There’s A New Compliance Sheriff In Town, And She’s Cracking Down On Corporate Misconduct

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The U.S. Department of Justice ("DOJ") is making it harder on companies that commit corporate crimes. A lot harder.

That’s the message that Deputy Attorney General Lisa Monaco recently gave attendees at the American Bar Association's White Collar Crime Conference in Miami. In her speech, DAG Monaco laid out the major changes to how the DOJ will approach corporate crimes and the individuals who commit them.

Three key takeaways from DAG Monaco’s speech:

1. Prior conduct – and misconduct – matters.

DAG Monaco announced that companies facing scrutiny for misconduct will go under the microscope. “For clients facing investigations, as of today, the department will review their whole criminal, civil and regulatory record — not just a sliver of that record.”

For entities under investigation, prosecutors are no longer limited to reviewing historical misconduct similar to the activity under investigation. If a company is facing an FCPA investigation, for example, the DOJ will take into account any prior enforcement action against that company – be it the result of tax, environmental, money laundering, or any other type of misconduct – when determining an appropriate resolution for the company. Likewise, if the company was prosecuted for crimes by another state or country, this too will be taken into account.

This move could have particularly significant implications for entities in highly regulated industries such as defense, emerging technologies, banking, insurance, and healthcare, but businesses in all sectors would be well advised to review their compliance policies and procedures. As DAG Monaco put it, “[c]ompanies need to actively review their compliance programs to ensure they adequately monitor for and remediate misconduct — or else it’s going to cost them down the line.”

2. Cooperation credit has been reinstated for companies that come completely clean.

According to DAG Monaco, the DOJ is restoring its policy to give cooperation credit to companies who provide information on all individuals involved in the misconduct.

This policy, first put in place under President Obama, requires companies under investigation that wish to cooperate to let the DOJ make the decisions on who at their companies is involved in or responsible for the wrongdoing: “The department’s investigative team is often better situated than company counsel to determine the relevance and culpability of individuals involved in misconduct, even for individuals who may be deemed by a corporation to be less than substantially involved in misconduct.” In addition, the cooperating companies will be required to turn over to the DOJ “all non-privileged information about those individuals’ involvement” to aid prosecutors in the assessment of responsibility.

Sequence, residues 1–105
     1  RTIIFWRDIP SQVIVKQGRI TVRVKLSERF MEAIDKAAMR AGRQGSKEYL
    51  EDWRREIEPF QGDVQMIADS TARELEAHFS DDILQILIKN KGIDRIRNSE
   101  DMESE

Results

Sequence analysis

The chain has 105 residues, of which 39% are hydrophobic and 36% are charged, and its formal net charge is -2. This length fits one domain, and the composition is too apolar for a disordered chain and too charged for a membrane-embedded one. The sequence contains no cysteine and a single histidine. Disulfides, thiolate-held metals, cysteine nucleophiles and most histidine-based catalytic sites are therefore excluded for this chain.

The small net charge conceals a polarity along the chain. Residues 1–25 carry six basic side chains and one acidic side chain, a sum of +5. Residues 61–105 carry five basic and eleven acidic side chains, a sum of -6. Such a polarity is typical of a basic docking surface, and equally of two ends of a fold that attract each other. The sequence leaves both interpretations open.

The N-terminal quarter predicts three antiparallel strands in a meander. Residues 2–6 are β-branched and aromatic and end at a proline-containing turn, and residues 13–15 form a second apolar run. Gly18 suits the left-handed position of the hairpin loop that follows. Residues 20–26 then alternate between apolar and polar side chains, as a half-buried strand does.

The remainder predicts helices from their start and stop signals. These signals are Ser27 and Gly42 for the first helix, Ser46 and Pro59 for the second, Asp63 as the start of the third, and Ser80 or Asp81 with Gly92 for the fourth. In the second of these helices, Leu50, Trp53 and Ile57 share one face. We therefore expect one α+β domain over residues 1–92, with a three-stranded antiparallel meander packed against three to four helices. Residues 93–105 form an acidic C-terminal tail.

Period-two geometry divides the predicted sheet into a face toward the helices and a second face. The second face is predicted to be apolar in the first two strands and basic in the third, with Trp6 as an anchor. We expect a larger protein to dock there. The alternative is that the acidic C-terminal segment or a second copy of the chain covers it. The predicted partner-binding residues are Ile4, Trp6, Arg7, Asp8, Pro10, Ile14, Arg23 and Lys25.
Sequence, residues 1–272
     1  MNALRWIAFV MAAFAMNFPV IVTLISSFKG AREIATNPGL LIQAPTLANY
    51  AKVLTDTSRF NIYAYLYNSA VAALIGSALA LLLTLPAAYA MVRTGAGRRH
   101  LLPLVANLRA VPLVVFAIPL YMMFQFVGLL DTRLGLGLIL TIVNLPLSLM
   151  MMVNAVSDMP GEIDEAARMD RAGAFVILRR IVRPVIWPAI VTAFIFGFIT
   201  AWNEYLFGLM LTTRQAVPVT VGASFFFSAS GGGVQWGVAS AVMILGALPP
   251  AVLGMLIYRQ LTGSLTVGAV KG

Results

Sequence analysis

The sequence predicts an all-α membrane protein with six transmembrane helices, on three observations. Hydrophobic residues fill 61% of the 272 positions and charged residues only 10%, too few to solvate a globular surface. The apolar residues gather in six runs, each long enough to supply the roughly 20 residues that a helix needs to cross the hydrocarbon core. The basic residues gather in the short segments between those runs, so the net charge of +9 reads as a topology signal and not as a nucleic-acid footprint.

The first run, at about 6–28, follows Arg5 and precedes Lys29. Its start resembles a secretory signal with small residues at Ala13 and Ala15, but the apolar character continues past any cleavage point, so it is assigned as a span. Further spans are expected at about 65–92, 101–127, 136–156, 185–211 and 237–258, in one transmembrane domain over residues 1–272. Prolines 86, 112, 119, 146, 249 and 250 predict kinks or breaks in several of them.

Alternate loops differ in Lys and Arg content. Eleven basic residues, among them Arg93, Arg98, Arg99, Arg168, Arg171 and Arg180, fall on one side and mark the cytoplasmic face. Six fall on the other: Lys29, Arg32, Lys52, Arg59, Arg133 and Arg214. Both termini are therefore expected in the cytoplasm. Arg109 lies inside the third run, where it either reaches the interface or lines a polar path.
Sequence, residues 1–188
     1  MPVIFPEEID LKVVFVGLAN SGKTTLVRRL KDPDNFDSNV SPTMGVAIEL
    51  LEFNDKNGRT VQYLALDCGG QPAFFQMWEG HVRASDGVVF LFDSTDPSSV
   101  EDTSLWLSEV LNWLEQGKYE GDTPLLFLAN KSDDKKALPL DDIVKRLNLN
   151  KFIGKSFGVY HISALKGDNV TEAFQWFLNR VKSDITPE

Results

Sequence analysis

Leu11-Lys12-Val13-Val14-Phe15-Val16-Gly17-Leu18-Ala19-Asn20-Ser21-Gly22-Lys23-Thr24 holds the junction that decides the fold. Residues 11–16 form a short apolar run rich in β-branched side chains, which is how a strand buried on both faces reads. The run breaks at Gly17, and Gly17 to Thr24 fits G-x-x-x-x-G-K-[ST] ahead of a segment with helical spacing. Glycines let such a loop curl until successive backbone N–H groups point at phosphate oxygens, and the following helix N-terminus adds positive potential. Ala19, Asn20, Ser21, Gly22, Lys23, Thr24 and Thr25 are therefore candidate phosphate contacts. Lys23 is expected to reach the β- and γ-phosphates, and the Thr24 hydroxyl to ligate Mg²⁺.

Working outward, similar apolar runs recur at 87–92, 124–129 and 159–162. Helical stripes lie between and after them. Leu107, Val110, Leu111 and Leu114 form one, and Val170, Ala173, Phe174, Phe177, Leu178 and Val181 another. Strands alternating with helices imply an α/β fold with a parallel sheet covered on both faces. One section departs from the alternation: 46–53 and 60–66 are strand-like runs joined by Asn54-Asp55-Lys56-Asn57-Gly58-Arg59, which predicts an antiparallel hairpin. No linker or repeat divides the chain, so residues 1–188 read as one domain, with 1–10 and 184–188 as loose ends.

In response to an anticipated reaction from the business community, DAG Monaco pushed back against the idea that giving the DOJ additional names would lead to the unfair prosecution of minimal participants: “Asking for this information does not alter the principles that govern fair and just charging decisions. Like every case, prosecutors will make decisions about individuals implicated in corporate criminal matters based on the facts, the law and the Principles of Federal Prosecution."

This focus on complete disclosure is part of a broader DOJ effort targeting the individuals who commit and authorize corporate misconduct. It sends a clear signal that prosecutors expect to receive the full list of individuals involved in wrongdoing before they’ll hand out cooperation credit.

3. Stopping Future Misconduct Takes Center Stage

The third element of the DOJ's fight against corporate wrongdoing focuses on preventing recidivist misconduct at companies that enter into settlement agreements with the Department. They’re doing that in two ways, said DAG Monaco. First, by rescinding the prior DOJ guidance that disfavored the use of corporate monitors to help companies change their corporate culture and self-police their activities. To make this work, the Department will study the way corporate monitors are chosen to eliminate the perception of favoritism – and the act – in the monitor-selection process.

Second, the DOJ is looking at how the Department uses non-prosecution agreements (“NPAs”) and deferred-prosecution agreements (“DPAs”) to persuade wrongdoers to find and eliminate corporate wrongdoing, especially for companies that have already benefitted NPAs and DPAs: “we have no tolerance for companies that take advantage of pre-trial diversion by going on to continue to commit crimes, particularly if they then compound their wrongdoing by knowingly hiding it from the government.”

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In the end, DAG Monaco’s message to the business community was clear: there’s a new sheriff in town, and they’re cracking down on corporate misconduct: “Looking to the future, this is a start — and not the end — of this administration’s actions to better combat corporate crime.”

DISCLAIMER: Because of the generality of this update, the information provided herein may not be applicable in all situations and should not be acted upon without specific legal advice based on particular situations.

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